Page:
Welcome to Fresher's week

Lauren Booker | September 2019 | 9 minutes

As you take on Freshers’ week – or actually any year at uni – it can feel like drinking is compulsory. Images of student-plus-alcohol excess at Fresher’s week are common and many view heavy drinking as synonymous with student life – but it doesn’t have to be. In this blog alcohol consultant Lauren shares some tips for making sure drinking doesn’t ruin your night, what to do when you don’t fancy drinking, and how to know when you need to get some extra support.

Should I be drinking?

That’s totally up to you. If you fancy a drink with friends, go for it. If you don’t fancy it, don’t (more on that below.) If you do want to drink but aren’t used to it (or actually even if you are), it’s wise to drink slowly. Aim for tipsy rather than paralytic. If you alternate soft drinks with alcohol and slow down once you start to feel the effects, you can have a night to remember, rather than one you’d rather forget.

If you don’t fancy drinking, whether for a night or at all, you don’t have to.

Universities and colleges have such a wide variety of clubs and associations, you’re bound to find something you love and people to connect with over something other than alcohol. Whether you’re into sport, music, socialising or something completely different, your social life doesn’t have to revolve around the nearest pub. More young people than ever – around 1 in 5 – don’t drink at all, so if you’d rather not drink, you’re not alone.

You don’t have to go in for every round.

And if the idea of skipping rounds sets your skint student brain reeling, why not start a round with a smaller group of people who are drinking at your pace? On that subject, some people are likely to try to pressure you to drink more than you fancy. A polite ‘No thanks’ is enough to stop many of them, but if you need more tips for getting people off your back, check out this blog.

Make sure you and your friends have a good night.

Dealing with a drunken friend can be a real pain but a little bit of planning and you can avoid that embarrassing 2am vomit fest or bailing them out from the local custody suite – or vice versa. Make sure they (and you) stay hydrated, stick to one drink rather than mixing, eat before you start drinking and pace yourself. Then take at least 24 hours off the booze to give your body a chance to recover.

Be prepared.

Carry condoms and, more importantly, use them! It’s easy to get carried away in the heat of the moment, especially after a few drinks, but keeping condoms handy makes it more likely you’ll use them when, er, necessary. On another sexual health safety note – when you’re drunk might not be the best time to make decisions about sexual partners. Sure, your hormones are up for it, but waiting until it’s definitely you, not just the booze, that wants the encounter, makes for more fun when you do get down to it. On a more serious note, if you or your partner are drunk you may not be able to give consent.

You know you’ve had too much when...

Having a drink and being sociable is one thing, but it’s too much when if by end of the night you’re being sick in the toilets, squaring up to people for a fight or worried that you might not be able to get yourself home safely. If you’ve ever woken up after a night out covered in bruises that you don’t remember getting, you’ve been the victim of a UBI (unexplained beer injury). Alcohol affects the parts of your brain that control coordination as well as numbing pain, so it’s easy to injure yourself whilst drinking and not feel the effects until the following morning. Ouch! If these are happening to you more often than not, it might be time to cut back.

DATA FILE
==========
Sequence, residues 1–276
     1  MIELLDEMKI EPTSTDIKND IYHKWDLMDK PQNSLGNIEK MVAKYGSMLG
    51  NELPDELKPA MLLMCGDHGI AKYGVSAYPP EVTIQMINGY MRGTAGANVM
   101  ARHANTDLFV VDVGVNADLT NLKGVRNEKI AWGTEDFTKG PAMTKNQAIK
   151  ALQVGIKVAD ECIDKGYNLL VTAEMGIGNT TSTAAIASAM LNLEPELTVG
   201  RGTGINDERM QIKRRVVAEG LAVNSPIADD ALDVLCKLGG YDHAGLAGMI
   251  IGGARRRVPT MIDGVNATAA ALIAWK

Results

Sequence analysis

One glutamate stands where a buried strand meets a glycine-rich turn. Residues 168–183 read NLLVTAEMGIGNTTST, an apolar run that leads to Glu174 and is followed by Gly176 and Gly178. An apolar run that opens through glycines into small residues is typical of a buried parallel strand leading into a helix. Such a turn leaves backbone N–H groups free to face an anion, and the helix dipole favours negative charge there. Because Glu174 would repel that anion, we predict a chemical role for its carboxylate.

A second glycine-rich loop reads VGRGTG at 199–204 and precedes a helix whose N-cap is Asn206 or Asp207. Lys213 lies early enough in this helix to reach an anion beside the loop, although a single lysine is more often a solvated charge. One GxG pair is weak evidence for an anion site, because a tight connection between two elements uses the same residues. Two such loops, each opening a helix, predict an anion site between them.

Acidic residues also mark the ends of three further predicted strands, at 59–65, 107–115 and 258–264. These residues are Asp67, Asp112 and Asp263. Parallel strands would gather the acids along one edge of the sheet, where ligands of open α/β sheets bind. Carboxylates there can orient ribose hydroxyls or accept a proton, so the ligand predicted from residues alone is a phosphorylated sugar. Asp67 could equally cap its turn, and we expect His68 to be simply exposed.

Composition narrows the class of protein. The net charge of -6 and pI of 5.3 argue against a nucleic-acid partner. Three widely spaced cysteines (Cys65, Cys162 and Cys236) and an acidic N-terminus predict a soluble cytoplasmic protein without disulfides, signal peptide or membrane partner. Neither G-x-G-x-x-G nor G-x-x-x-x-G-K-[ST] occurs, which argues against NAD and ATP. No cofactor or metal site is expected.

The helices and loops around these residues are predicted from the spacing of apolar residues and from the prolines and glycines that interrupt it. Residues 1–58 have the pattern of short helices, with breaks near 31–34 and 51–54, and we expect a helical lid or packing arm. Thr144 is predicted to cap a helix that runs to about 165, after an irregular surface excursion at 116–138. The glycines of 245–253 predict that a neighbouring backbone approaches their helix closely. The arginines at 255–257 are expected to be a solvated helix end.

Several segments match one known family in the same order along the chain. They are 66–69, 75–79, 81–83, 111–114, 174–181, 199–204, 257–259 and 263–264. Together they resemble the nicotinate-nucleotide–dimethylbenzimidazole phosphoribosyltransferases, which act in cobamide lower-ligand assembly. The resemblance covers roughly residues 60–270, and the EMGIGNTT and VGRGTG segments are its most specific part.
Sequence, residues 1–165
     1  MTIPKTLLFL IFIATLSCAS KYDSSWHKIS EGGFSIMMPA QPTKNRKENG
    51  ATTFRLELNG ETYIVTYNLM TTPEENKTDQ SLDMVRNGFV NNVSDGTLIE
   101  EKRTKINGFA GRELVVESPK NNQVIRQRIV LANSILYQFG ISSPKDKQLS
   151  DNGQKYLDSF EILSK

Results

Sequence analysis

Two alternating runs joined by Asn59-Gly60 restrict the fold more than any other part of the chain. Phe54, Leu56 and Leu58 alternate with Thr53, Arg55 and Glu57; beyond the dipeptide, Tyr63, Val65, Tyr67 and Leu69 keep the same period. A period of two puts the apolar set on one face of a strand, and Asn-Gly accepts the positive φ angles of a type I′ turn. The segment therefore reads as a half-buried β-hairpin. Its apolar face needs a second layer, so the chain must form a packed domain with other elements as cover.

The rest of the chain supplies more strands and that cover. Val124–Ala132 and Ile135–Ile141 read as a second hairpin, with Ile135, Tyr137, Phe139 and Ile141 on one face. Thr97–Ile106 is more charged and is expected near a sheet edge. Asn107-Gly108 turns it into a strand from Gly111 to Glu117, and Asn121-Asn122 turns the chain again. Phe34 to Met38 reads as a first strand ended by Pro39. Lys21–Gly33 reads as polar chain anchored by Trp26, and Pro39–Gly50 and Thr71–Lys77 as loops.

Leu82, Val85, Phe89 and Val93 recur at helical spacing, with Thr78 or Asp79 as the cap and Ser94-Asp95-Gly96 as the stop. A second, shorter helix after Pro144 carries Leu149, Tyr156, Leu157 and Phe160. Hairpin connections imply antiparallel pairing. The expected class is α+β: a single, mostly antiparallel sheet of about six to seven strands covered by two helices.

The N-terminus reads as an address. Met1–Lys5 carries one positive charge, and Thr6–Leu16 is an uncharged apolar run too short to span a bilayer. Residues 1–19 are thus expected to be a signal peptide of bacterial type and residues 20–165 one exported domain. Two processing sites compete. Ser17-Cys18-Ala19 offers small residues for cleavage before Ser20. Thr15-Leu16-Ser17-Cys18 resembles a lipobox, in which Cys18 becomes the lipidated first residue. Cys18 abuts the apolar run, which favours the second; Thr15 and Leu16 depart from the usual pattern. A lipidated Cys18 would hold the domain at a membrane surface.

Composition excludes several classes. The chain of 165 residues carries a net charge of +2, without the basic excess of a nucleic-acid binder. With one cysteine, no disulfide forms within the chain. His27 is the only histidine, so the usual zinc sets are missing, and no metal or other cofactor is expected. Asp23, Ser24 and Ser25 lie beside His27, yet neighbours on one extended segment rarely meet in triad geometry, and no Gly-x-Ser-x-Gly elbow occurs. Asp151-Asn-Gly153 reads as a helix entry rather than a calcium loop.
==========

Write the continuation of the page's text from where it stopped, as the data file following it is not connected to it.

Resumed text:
Keep an eye on how much you’re drinking.

Current guidelines say men and women shouldn’t drink more than 2 or 3 units a day (that’s about a glass of wine or a pint of normal strength lager). Everyone should lay off the drink for 2 or 3 days a week. Many of us drink more than this but it’s good to know your limits and stick to them at least most of the time. Why not keep track of your units with the Try Dry app? (Free to download from Google Play and the App store!). That way, you can work out what the right level is for you.

You’re no light weight.

The reality is your tolerance to alcohol can build up over time if you’re drinking regularly, so the amount of booze that initially made you feel drunk might not after a while; and that can encourage you to drink more. Financially, and for the sake of your studies, it’s a good idea to keep this in check and maybe limit your drinking to weekends for a while, or why not reset altogether and try a Dry January?

Consequences.

If you’re a student, your biggest drinking worry is probably can you afford the next round or how can you avoid throwing up on a night out. The shocking death of student Ed Farmer in 2018 after a university initiation event illustrates all too clearly that too much alcohol can be fatal. Fresher’s week often sees students hospitalised or worse as a result of alcohol poisoning or accidents – falls, drowning, collisions with cars – whilst under the influence. Staying safe on a night out is easier if you’ve got good friends to help you out if you do get a bit worse for wear.

Knowing when it’s time to get help.

If your mates are hinting that you need to slow down or you’re not getting things done because of the daily hangover – time for a rethink. Keep a drink diary or use the Try Dry app for a few weeks and work out just how many units you’re knocking back. There are lots of online tools and apps that show whether your drinking is putting you at risk. If it is, cutting out some units or drinking sessions should do the trick. If you’re finding that hard, contact your local alcohol agency for support. You can find out more about that here.

Above all, have fun. If drinking ever stops feeling fun, cut back or take a break.